ABC in KMC: Grape harvest

Photo by alessandro guerriero/

If you’re a lover or even connoisseur of great wines, or rather prefer fruity grape juice, you’re just in the right place to be. Germany is one of Europe’s largest winegrowing countries and the state of Rheinland-Pfalz produces two-thirds of the country’s fine wines.

The Moselle and Saar valleys along with Rheinhessen are well-known grape growing regions. Most of the vineyards are on or very close to the 50th latitude, which is rather unusual in international comparison. High quality and successful viticulture is only possible based on a special unique meso and microclimate condition.

The “Deutsche Weinstrasse” (German wine road) stretches 85 kilometers from Rheinhessen in the north to the French Alsace region in the southwest and ends at Deutsches Weintor (wine gate). Many famous towns such as Bad Dürkheim, Neustadt and Landau lie along the way and the region is renowned for vineyards as far as the eye can see on flat plains in close proximity to the Rhine River. The special mild climate zone provides 1.800 hours of sun a year.

Another famous viticulture region is along the Moselle and Saar rivers, but on steep slopes with up to 60 percent inclines. Approximately 60 million vines grow along the steep hills where the winding rivers reflect sunlight onto the slopes and warm the vines to ripen to a plentiful harvest.

The Celts were the first to cultivate white grapes along the banks and slopes of the Moselle river almost 3000 years ago. The Romans refined the winemaking process, improved the quality and eventually introduced darker red grapes. As wine consumption of the Romans grew along with the empire throughout the centuries, soldiers and civil servants were paid with wine, rather than coins, and even slaves received a daily ration.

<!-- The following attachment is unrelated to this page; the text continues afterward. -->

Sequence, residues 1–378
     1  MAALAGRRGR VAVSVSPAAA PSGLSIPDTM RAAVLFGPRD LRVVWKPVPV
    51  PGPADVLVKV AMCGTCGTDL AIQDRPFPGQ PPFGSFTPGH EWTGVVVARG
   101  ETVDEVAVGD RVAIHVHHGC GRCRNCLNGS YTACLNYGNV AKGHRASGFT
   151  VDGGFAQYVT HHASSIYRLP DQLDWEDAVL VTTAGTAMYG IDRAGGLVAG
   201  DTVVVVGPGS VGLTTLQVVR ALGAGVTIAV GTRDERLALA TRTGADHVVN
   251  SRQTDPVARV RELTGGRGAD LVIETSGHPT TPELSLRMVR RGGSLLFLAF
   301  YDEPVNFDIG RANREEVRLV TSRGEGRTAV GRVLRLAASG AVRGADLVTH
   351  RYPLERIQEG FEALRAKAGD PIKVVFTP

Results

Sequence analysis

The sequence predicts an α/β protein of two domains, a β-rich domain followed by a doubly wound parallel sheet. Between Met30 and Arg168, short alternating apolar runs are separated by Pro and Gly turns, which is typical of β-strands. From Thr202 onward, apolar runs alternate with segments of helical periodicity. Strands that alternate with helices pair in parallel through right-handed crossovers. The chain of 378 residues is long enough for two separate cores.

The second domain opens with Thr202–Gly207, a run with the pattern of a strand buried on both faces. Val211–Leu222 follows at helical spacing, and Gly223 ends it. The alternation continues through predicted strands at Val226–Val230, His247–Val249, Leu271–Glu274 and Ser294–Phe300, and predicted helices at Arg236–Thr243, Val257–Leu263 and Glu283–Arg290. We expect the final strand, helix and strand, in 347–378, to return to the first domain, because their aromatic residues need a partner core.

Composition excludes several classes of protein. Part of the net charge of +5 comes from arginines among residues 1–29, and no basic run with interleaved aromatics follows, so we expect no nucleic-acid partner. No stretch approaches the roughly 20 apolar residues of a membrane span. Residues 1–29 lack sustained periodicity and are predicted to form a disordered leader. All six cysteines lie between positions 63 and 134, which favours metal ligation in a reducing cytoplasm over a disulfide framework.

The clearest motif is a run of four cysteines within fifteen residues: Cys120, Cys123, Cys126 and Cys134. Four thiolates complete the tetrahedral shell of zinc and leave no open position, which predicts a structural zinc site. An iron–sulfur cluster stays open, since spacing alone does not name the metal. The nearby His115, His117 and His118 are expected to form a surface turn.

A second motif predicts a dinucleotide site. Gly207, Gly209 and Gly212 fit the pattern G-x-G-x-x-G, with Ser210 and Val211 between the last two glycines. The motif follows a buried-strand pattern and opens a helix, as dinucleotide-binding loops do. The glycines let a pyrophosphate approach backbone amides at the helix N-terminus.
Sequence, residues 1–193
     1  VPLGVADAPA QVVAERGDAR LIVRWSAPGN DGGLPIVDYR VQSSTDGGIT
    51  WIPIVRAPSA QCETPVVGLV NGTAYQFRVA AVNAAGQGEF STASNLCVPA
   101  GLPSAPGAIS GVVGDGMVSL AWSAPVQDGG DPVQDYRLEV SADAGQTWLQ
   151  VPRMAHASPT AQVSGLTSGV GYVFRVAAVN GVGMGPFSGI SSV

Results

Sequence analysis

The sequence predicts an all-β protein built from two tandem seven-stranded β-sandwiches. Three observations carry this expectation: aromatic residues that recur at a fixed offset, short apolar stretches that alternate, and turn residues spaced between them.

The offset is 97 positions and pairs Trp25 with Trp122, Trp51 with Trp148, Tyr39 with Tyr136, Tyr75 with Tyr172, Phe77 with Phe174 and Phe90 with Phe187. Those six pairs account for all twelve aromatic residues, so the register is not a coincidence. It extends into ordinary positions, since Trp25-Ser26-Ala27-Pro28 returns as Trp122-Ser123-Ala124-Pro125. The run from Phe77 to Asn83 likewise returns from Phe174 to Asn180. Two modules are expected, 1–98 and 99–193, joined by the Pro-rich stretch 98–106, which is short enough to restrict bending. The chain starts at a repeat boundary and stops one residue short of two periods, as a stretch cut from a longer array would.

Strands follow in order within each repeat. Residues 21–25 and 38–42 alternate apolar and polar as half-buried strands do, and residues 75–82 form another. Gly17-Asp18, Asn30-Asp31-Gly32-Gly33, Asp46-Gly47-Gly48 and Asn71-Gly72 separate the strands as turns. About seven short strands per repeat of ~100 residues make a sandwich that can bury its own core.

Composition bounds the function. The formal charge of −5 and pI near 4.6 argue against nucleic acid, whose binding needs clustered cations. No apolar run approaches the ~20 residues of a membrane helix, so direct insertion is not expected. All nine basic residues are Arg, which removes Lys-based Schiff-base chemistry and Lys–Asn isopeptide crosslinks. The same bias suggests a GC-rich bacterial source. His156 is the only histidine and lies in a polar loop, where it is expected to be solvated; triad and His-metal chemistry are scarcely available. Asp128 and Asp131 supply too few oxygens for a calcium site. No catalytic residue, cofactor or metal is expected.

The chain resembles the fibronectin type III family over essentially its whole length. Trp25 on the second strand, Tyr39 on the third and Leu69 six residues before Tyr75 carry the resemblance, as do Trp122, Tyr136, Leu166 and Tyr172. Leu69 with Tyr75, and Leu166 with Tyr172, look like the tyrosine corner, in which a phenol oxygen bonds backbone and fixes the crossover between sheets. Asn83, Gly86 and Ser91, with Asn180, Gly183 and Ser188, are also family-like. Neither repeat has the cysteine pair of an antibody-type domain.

About 9.25 million hectoliters (2.4 million gallons) of wine are produced annually in Germany and approximately 257,000 hectoliters (6,789,221 gallons) alone are exported to the United States.

September marks the beginning of the harvest season which can last until December. Large state-of-the art grape harvesters can pick the grapes on even surfaces. The machines are able to pull the actual grape fruits off the small twigs and leaves by shaking and rattling them before they are conveyed to a large container. However, the vineyards on the steep slopes of the Moselle and Rhine Rivers have to be picked by hand, a very tedious and back-aching task, with thousands of harvesters working with century old techniques.

After the initial grape pressing process, also known as keltering, the premier wine produced is called “Federweisser” (feather white) because of its milky, white color. Although very sweet in taste, it also has a high alcohol content and is often sold in containers in little booths along the roadside.

A tradition that comes with the season is delicious and spicy “Zwiebelkuchen” (onion cake) together with the semi-processed wine. The warm dish, more of a quiche than a typical cake, with onions and bacon bits, is a perfect complement to the fizzy new wine. Freshly pressed, pure and sweet grape juice is also a perfect alternative for those that prefer a non-alcoholic delight.

After the first winter frost in late November or early December, the very last grapes are handpicked and processed into a sweet, rare and expensive “Eiswein” (ice wine).

Wine festivals take place in almost every village throughout the season and Neustadt/Weinstrasse is the host of the German Weinlese Fest (wine harvest fest) with a parade and a wine village set up with wooden booths to celebrate the harvest season. The German Weinkönigin (wine queen), required to have a broad knowledge about the different types of grapes and wines and their making, is crowned for a year. This year the festival will take place Sep. 22 to Oct. 9 with a parade on Sunday, Oct. 8.

Bad Dürkheim hosts the world’s largest wine fest called “Wurstmarkt,” which will take place Sep. 8-12 and 15-18. The “Fest des Federweissen” is scheduled in Landau Oct. 12-15. Don’t miss out on these special occasions in Germany’s largest wine producing state.